The wrong size sand also will result in pressure readings that differ from those recommended by the manufacturer, and could result in damage to the pump motor. So if you’re tempted to save some money and bring some beach sand home from your next vacation, be advised that it could be an expensive mistake.

There are three types of sand filters: gravity, rapid-rate and high-rate and. Gravity sand filters are frequently found operating at older swimming pools, but are rarely used in contemporary construction. Because they operate at an extremely low velocity – in the range of 1 gallon per minute per square foot of filter area (gpm/sf) – they require a very large area to meet today’s codes and standards. Most projects can’t afford this inefficient use of space.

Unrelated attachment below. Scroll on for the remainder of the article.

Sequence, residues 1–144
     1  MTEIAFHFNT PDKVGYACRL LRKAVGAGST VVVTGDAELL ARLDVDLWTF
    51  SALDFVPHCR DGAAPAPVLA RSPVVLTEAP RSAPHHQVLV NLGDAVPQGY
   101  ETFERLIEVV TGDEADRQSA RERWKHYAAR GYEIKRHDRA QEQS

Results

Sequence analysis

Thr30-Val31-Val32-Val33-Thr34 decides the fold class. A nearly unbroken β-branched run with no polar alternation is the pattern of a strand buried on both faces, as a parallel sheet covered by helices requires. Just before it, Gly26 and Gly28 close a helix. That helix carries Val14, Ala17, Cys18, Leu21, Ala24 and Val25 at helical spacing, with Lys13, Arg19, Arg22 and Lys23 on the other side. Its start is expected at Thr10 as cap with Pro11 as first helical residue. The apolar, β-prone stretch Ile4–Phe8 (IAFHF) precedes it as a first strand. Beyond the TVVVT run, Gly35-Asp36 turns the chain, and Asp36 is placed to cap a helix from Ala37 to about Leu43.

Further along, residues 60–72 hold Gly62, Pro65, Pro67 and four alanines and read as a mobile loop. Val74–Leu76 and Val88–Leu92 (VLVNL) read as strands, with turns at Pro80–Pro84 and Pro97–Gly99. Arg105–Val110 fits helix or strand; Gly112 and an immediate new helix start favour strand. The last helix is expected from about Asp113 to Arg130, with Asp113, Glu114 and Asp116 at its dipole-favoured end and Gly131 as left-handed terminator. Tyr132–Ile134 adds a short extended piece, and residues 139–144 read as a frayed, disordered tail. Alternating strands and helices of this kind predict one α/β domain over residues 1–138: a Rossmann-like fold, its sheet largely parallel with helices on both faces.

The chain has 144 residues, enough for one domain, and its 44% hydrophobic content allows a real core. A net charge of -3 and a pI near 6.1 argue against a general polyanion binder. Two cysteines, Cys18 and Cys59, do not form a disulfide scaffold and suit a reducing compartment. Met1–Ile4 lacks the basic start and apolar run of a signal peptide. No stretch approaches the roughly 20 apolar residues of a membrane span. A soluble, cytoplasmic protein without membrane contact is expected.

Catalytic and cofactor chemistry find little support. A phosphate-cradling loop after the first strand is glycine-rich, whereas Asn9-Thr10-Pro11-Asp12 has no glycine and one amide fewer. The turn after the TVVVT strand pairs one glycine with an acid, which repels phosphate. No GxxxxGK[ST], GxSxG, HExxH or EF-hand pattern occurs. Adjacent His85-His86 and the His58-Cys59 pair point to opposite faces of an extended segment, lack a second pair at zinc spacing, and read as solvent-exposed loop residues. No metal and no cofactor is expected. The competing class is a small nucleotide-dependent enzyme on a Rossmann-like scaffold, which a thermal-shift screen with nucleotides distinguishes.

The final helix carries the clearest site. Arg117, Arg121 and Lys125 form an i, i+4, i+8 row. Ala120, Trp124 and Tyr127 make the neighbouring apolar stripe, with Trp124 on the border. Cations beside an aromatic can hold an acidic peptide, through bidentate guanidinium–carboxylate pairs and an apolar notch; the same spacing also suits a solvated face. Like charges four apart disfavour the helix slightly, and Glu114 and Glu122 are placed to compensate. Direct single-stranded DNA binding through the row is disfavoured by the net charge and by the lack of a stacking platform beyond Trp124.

Rapid-rate filters are somewhat more efficient, operating in the 3 to 7 gpm/sf range. In rapid-rate sand filters, the media is not one consistently sized sand grain, but rather several layers of sand and gravel, with smaller granule layers resting atop larger granule media. In practice, only the top layer does the filtering job, while the three to five layers of gravel under the sand merely support the filtering media.

Since only the top few inches of sand are doing the work, another media, called a flocculent, is usually layered on top of the sand to increase its filtering capability. Alum and polymer/alum blends are two common flocculent materials used to improve the efficiency of rapid-rate sand filters.